Monday, March 23, 2009

limit goes to e

We've done symbolic derivatives for polynomials with nonnegative exponents. We've also done a few simple limits. So this 5-minute math item is more advanced than some of the others Topic: What is the limit as n goes to infinity of (1+1/n)^n, proceeding by example, and using a calculator.

Exposition: Suppose you lent $1 at a 100% loan for 10 years.

  • Compound once you get (1+1)^1 = $2
  • Compound twice you get (1+1/2)^2 = 2.25
  • Compound thrice you get (1+1/3)^3 = 2.3737
  • Compound 10 times you get 2.5937

What happens as you compound more? The kids' initial guesses were that you would get an unbounded return or that you would get $3 eventually. We saw that it seemed to zero in on 2.718 by doing a million times then a billion times (at which point the calculators started producing random values in low order digits). Then I asked them to find e^1 on their calculator.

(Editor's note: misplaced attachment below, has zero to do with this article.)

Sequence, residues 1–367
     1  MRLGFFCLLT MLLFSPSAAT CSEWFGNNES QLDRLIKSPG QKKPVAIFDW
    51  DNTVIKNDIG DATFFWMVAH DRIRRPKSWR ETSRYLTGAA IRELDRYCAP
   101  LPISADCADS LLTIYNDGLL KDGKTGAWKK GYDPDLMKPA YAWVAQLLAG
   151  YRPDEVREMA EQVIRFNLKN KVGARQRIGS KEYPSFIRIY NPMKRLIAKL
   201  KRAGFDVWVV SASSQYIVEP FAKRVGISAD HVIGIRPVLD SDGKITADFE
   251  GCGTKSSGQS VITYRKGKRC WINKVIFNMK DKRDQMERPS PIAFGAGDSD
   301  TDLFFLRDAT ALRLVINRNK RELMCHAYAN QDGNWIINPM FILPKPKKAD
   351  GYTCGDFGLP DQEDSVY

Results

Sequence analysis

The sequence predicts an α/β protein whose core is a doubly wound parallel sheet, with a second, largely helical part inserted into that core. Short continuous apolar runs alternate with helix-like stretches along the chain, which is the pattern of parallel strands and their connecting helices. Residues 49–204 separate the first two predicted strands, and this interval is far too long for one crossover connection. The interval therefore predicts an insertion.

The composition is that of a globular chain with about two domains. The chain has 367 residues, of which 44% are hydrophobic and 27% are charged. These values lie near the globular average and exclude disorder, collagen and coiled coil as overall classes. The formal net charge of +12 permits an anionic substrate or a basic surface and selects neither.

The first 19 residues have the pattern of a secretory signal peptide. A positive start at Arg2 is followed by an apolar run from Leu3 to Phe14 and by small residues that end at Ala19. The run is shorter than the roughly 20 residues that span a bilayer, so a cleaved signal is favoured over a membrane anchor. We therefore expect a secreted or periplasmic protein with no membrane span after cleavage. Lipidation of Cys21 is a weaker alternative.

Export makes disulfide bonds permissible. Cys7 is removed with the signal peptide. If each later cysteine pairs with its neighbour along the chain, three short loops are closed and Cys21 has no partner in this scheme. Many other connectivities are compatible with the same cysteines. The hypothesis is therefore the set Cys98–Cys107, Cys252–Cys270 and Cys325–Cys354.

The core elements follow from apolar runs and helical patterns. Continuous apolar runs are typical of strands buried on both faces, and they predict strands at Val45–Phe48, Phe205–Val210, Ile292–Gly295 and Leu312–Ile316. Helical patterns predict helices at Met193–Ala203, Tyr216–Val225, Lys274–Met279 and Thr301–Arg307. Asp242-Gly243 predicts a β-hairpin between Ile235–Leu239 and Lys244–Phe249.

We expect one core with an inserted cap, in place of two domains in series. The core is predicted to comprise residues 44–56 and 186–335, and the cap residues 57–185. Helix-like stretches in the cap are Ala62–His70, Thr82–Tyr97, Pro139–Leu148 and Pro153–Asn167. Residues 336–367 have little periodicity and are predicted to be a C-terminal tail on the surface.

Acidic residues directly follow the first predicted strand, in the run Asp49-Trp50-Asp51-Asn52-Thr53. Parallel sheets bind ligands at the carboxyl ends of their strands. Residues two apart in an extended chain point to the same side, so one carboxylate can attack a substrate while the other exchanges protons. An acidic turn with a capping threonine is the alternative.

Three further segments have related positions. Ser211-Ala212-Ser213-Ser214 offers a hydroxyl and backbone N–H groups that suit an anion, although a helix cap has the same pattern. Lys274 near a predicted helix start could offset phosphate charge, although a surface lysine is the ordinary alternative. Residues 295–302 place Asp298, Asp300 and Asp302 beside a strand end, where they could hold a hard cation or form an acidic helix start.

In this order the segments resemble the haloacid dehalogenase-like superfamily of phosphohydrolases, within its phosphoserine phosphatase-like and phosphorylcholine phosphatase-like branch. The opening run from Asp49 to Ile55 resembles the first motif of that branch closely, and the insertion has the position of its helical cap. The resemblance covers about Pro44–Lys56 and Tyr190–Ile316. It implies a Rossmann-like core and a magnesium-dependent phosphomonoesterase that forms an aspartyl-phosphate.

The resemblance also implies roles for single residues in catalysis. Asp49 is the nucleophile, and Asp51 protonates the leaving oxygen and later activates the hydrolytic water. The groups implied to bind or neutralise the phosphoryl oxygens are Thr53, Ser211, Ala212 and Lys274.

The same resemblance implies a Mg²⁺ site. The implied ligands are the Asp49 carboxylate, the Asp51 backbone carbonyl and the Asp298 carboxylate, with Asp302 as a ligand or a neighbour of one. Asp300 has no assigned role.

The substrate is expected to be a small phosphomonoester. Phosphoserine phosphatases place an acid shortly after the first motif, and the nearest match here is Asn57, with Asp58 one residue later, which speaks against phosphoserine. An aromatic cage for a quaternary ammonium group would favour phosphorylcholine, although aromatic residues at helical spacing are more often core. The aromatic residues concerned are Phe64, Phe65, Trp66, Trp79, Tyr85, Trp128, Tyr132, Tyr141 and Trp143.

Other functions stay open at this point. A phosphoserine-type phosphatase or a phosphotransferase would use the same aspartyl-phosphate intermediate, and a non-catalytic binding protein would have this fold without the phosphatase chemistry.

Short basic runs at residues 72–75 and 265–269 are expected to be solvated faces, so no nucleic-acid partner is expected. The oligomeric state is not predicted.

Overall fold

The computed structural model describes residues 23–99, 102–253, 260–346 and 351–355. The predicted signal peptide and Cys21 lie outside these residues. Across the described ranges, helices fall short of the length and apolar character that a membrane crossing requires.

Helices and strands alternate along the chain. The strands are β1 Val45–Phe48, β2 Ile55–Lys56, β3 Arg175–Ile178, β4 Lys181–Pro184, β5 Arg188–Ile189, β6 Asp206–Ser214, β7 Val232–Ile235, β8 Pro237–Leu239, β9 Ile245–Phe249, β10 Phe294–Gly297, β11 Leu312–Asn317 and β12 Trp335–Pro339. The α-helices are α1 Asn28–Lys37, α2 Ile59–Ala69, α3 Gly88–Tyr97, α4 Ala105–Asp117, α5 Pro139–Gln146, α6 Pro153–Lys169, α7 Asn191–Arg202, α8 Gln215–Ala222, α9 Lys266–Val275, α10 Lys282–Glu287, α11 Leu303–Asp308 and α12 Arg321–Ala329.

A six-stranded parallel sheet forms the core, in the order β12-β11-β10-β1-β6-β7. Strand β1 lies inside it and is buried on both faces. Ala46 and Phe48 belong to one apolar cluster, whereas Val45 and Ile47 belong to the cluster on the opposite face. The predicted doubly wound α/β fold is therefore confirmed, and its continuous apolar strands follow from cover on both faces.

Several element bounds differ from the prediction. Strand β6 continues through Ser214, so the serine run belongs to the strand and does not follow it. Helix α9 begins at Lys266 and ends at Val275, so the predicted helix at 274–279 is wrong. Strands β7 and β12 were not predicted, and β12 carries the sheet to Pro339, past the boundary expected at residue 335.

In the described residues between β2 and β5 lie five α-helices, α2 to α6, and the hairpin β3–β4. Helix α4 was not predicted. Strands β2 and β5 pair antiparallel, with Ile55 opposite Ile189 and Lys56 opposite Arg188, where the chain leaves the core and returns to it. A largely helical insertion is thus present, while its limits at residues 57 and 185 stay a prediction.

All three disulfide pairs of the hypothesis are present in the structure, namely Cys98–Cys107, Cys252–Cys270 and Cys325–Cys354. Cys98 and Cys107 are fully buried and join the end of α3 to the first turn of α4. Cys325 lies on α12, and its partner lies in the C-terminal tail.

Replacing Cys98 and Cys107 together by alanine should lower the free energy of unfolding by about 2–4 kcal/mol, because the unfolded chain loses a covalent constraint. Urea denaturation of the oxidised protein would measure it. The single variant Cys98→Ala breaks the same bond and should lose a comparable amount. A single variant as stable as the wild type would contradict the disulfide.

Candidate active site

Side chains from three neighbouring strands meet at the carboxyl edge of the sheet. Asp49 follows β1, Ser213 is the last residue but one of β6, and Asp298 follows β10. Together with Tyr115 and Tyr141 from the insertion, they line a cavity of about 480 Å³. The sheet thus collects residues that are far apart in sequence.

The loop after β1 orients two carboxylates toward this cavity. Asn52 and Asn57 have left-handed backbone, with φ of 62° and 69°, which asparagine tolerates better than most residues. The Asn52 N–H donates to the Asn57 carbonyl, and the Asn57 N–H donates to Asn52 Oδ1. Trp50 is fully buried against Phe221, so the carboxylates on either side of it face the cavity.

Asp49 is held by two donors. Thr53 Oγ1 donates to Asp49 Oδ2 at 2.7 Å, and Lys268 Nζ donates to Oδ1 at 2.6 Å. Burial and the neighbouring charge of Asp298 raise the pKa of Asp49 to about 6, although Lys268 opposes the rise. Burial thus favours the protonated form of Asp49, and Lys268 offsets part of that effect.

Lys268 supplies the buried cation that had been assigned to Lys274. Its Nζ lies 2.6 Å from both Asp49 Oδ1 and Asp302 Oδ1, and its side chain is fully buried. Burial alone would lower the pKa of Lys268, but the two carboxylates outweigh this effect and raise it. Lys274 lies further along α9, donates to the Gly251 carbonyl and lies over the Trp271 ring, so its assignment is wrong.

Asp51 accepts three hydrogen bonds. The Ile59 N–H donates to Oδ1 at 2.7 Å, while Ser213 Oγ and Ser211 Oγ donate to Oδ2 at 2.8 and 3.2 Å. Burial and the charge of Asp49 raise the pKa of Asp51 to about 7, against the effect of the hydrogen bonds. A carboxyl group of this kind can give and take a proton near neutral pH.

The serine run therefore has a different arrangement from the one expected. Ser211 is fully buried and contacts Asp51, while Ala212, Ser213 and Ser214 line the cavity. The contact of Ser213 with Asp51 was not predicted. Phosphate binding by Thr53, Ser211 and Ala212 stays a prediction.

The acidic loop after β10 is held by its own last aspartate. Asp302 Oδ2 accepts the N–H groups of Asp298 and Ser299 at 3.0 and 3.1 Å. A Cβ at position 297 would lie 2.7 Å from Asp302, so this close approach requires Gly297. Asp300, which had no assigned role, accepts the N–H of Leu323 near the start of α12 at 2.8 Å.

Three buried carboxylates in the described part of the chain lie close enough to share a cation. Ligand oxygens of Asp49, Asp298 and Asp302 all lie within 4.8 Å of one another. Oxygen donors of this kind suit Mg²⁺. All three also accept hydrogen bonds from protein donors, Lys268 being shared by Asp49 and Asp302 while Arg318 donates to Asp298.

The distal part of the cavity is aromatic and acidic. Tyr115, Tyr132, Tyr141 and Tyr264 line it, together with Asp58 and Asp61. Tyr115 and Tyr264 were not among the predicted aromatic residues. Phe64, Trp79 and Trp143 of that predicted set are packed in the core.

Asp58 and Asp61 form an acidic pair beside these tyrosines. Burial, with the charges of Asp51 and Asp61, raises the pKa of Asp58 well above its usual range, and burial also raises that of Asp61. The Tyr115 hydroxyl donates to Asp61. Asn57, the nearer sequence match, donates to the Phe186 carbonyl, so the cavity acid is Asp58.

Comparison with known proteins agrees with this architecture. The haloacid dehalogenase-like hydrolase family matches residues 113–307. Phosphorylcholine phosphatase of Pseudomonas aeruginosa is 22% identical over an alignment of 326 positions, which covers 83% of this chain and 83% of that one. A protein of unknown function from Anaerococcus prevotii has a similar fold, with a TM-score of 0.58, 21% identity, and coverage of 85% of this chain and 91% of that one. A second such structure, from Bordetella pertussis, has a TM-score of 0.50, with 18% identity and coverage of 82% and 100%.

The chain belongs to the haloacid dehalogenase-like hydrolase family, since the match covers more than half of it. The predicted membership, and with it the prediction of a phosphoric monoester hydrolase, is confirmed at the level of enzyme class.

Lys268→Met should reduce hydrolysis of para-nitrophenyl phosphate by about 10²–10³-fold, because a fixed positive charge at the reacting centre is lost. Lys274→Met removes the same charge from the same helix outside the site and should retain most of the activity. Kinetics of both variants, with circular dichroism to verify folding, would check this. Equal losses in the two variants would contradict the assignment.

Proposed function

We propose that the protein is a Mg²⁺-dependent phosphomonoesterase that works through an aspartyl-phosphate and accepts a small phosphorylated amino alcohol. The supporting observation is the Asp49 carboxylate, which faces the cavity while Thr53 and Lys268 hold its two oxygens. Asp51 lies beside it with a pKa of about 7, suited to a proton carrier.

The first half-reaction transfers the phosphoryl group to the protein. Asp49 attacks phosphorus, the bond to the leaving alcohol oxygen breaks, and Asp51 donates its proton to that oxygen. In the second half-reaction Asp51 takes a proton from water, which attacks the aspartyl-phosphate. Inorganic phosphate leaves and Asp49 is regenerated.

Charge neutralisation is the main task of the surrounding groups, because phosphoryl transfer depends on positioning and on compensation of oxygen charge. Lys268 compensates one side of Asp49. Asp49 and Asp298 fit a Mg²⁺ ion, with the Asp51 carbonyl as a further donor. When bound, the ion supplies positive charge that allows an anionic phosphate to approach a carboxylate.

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I'm research faculty at MIT, and Chief Architect at Tokutek.